Regardless of the outcome, he'll continue to use his favorite cost-effective goodies, such as ground and polished concrete slab floors, commercial storefront windows, and the rusted mild steel he calls "the poor man's Cor-Ten." He hopes to replace interior stucco and drywall altogether with concrete block and plywood, and inserts two-story volumes into most of his rentals. "By distorting a small space, by making it taller, you get a better feeling," he says. And he dreams of simplifying the building process enough to mass-produce a 20-by-25-foot urban box, making it into a kit of parts that anyone, anywhere could buy.

According to Segal, his life changes every two years. He, Wendy, and their teenage kids, Matthew and Brittany, have lived in many of his developments. Last year they left Little Italy for a house Segal designed in the posh suburb of La Jolla, motivated by a desire to place Brittany in one of the area's top-notch public schools.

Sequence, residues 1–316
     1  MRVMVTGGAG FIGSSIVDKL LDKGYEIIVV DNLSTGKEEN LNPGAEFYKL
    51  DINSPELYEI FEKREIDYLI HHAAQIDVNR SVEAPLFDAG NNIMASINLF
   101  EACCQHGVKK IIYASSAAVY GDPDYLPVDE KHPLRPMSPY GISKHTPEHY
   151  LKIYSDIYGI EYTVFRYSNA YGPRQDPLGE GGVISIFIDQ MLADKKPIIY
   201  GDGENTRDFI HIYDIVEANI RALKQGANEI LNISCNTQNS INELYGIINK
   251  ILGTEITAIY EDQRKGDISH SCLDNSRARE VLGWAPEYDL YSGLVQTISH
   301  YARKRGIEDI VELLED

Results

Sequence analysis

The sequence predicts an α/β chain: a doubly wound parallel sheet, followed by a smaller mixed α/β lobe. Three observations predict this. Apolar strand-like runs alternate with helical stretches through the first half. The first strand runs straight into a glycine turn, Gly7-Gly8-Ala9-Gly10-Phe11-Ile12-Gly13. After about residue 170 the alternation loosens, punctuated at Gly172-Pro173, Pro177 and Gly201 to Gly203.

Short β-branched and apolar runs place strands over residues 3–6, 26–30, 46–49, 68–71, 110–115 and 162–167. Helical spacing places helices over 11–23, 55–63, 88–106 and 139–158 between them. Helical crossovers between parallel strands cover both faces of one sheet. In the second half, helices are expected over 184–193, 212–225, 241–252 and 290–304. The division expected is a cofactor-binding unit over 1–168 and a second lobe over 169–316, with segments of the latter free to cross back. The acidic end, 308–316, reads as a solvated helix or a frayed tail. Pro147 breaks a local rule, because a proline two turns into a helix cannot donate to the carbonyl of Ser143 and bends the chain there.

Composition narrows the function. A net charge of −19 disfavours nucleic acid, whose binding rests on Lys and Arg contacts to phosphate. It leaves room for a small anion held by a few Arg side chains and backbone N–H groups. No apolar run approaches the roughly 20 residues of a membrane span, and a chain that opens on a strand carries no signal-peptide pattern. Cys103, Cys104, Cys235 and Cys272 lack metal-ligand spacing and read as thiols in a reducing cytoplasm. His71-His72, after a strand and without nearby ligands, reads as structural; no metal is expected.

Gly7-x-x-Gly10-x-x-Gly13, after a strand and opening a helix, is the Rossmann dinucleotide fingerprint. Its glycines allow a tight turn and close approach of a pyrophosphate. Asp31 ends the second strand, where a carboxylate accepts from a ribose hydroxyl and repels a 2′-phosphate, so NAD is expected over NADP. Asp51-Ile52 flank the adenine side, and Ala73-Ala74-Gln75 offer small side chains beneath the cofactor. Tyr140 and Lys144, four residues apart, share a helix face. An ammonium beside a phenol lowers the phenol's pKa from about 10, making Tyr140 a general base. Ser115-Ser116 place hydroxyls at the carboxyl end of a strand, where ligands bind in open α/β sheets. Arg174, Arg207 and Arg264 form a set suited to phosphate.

Though he's no longer a city dweller, Segal is in no danger of losing his urban roots. True to form, he situated his new house directly across the street from La Jolla's downtown--right in the middle of the action.